FINCASTLE – The courtroom is still quiet at the Botetourt County Courthouse here.
After more than half a year, Virginia’s courts remain operating under a judiciary emergency and will continue until Nov. 1 as a way of addressing the coronavirus. In Botetourt Circuit Court, part of the 25th Judicial Circuit of Virginia, the edict from the state’s high court has not had much of an impact, said Circuit Court Clerk Tommy Moore.
Under the judiciary emergency, precautions against the deadly virus are expanded, including mask requirements and health checklists for visitors. In Botetourt County, criminal trials are normally held two days a week – Tuesdays and Thursdays – and civil matters on Monday and Wednesday in the large room filled with chairs, tables and a judge’s bench that currently sit empty waiting for a case.
“In circuit court we are still doing the same number of cases as before,” said Moore, adding even before the COVID-19 virus hit the county only held five to 10 jury trials a year. During a typical court day, a criminal docket has between 20 to 30 cases and that number has not shrunk, he said.
If court proceedings are necessary, technology is available to facilitate the legal action. During the declared emergency, Botetourt County has held teleconferences to arraign defendants, hold hearings and trials. Defendants have been arraigned from Roanoke and Lynchburg via teleconference, said Moore.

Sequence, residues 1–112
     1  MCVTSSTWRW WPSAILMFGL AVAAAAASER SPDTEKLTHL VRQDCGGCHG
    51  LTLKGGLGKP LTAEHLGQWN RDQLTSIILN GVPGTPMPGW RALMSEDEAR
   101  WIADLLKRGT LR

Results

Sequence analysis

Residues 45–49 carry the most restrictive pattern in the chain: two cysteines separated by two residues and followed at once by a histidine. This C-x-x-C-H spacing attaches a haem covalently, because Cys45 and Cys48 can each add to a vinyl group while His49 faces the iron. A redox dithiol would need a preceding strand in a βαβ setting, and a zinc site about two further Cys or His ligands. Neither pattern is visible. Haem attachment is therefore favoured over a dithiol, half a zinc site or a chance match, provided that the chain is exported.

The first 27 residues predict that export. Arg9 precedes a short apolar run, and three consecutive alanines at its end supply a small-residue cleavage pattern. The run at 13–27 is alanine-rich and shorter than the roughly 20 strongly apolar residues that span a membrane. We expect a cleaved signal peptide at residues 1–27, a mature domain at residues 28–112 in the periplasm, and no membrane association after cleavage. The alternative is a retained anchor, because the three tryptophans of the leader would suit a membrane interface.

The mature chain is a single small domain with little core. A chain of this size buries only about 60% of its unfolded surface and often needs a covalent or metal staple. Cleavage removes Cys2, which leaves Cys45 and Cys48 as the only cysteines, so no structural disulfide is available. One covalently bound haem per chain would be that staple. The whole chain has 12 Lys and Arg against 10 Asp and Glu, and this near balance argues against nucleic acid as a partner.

The Supreme Court also recommends staying six feet away from people if in-person business must be conducted.
“With a small courtroom, it’s next to impossible,” he said of social distancing.
The Virginia Supreme Court has authorized lower courts to accept digital and scanned documents with electronic signatures and encourages the use of email.
Court records after 1972 can be accessed online, which cuts down on the number of people visiting the Circuit Court’s offices, said Moore.
While criminal cases have seen little impact, civil cases are a different matter. The state Supreme Court has green lighted the court’s ability to place “civil cases on the back burner,” said Moore.
Several attorneys in Botetourt County did not return calls on how the emergency is impacting their clients.